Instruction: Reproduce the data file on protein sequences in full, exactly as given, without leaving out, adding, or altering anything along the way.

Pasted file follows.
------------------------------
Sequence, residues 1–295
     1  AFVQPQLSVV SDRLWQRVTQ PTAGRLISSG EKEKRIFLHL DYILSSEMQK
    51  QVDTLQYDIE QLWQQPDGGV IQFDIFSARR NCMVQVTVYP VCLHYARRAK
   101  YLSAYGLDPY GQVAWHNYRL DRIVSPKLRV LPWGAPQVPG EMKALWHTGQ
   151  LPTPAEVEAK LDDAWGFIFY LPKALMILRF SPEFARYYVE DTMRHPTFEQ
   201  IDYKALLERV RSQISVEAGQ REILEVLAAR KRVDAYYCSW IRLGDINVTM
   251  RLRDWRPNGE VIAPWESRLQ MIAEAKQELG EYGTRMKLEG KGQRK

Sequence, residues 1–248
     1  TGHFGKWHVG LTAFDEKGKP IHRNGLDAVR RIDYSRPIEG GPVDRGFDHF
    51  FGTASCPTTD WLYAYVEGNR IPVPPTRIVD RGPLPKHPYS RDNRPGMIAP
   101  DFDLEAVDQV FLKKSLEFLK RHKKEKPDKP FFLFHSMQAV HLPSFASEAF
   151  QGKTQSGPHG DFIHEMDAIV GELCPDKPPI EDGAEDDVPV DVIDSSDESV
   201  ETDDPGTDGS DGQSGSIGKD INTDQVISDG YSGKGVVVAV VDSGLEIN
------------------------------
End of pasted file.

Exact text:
Sequence, residues 1–295
     1  AFVQPQLSVV SDRLWQRVTQ PTAGRLISSG EKEKRIFLHL DYILSSEMQK
    51  QVDTLQYDIE QLWQQPDGGV IQFDIFSARR NCMVQVTVYP VCLHYARRAK
   101  YLSAYGLDPY GQVAWHNYRL DRIVSPKLRV LPWGAPQVPG EMKALWHTGQ
   151  LPTPAEVEAK LDDAWGFIFY LPKALMILRF SPEFARYYVE DTMRHPTFEQ
   201  IDYKALLERV RSQISVEAGQ REILEVLAAR KRVDAYYCSW IRLGDINVTM
   251  RLRDWRPNGE VIAPWESRLQ MIAEAKQELG EYGTRMKLEG KGQRK

Sequence, residues 1–248
     1  TGHFGKWHVG LTAFDEKGKP IHRNGLDAVR RIDYSRPIEG GPVDRGFDHF
    51  FGTASCPTTD WLYAYVEGNR IPVPPTRIVD RGPLPKHPYS RDNRPGMIAP
   101  DFDLEAVDQV FLKKSLEFLK RHKKEKPDKP FFLFHSMQAV HLPSFASEAF
   151  QGKTQSGPHG DFIHEMDAIV GELCPDKPPI EDGAEDDVPV DVIDSSDESV
   201  ETDDPGTDGS DGQSGSIGKD INTDQVISDG YSGKGVVVAV VDSGLEIN